We are well aware that there is much evidence out there that proves the benefits of mindfulness for children. But we are equally aware of the challenges that come with trying to implement that mindfulness in the chaotic classroom and often hectic home. So, in order to assist, we’ve scoured the web for some resources and tips that offer excellent methods for child mindfulness that are sure to make being present for children a little bit more fun and, well…mindful.
Gardening is one of humankind’s oldest practices, yet we seem to have lost the essence of this practice in the modern world. It is a given that growing your own veggies and fruits will improve your diet, but gardening also has a number of other physical and psychological benefits that will get you wanting to plant those seeds right away.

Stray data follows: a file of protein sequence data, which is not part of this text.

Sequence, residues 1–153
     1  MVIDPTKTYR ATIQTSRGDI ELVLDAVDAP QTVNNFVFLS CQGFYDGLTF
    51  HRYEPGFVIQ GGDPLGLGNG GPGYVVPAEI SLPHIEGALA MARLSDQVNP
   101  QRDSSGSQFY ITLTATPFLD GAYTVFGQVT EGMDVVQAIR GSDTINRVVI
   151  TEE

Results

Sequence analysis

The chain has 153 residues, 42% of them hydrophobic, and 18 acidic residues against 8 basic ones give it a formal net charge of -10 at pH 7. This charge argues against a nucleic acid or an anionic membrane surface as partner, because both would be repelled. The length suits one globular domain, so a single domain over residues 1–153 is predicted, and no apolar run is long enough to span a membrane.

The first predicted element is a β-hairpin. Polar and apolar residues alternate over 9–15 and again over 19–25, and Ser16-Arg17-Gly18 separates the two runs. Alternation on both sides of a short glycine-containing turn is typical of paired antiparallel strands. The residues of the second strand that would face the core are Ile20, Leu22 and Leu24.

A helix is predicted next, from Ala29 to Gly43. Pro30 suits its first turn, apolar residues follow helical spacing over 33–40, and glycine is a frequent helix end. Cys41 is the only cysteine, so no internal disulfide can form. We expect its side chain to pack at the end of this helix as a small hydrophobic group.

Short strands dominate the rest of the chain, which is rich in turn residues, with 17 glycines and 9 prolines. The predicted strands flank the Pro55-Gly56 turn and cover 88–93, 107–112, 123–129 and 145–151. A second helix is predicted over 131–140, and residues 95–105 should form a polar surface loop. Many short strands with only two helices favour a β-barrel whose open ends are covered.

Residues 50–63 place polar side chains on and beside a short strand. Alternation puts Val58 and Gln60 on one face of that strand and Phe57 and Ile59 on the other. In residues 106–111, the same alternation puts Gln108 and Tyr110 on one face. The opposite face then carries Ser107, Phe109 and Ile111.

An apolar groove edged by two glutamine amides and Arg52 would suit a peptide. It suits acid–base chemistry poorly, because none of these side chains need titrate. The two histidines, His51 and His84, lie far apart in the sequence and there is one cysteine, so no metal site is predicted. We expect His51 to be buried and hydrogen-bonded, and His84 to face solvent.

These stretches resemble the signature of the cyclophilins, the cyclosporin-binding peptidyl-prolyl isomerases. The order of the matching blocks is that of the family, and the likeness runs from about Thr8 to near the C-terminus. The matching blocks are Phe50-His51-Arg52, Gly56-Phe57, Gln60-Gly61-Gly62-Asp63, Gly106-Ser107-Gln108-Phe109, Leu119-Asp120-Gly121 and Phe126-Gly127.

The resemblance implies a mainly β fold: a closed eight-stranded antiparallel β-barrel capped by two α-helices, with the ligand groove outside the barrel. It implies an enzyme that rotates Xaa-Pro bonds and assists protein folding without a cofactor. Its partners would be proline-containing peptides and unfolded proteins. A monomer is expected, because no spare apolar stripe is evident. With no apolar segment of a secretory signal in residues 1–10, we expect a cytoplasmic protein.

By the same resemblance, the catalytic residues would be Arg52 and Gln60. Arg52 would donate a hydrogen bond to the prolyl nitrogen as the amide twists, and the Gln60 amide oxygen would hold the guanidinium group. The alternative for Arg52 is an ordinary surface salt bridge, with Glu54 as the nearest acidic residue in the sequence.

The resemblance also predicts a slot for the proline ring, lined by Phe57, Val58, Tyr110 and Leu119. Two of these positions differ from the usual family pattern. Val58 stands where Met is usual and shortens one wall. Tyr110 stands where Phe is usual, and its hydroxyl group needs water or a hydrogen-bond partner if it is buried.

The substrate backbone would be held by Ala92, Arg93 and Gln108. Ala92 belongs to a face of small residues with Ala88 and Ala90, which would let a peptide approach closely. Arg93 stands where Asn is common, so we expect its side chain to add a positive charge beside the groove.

Mindfulness practices are beginning to be more fully recognised in their capacity to benefit children physically, mentally, emotionally and spiritually not only at school, but in everyday life. At its core, mindfulness is about being fully aware of the present moment with a disposition of kindness and curiosity. Paying attention to the moment through visualisation, mindful walking, meditation, breath-work and yoga are all ways in which children can become presently embodied and grounded.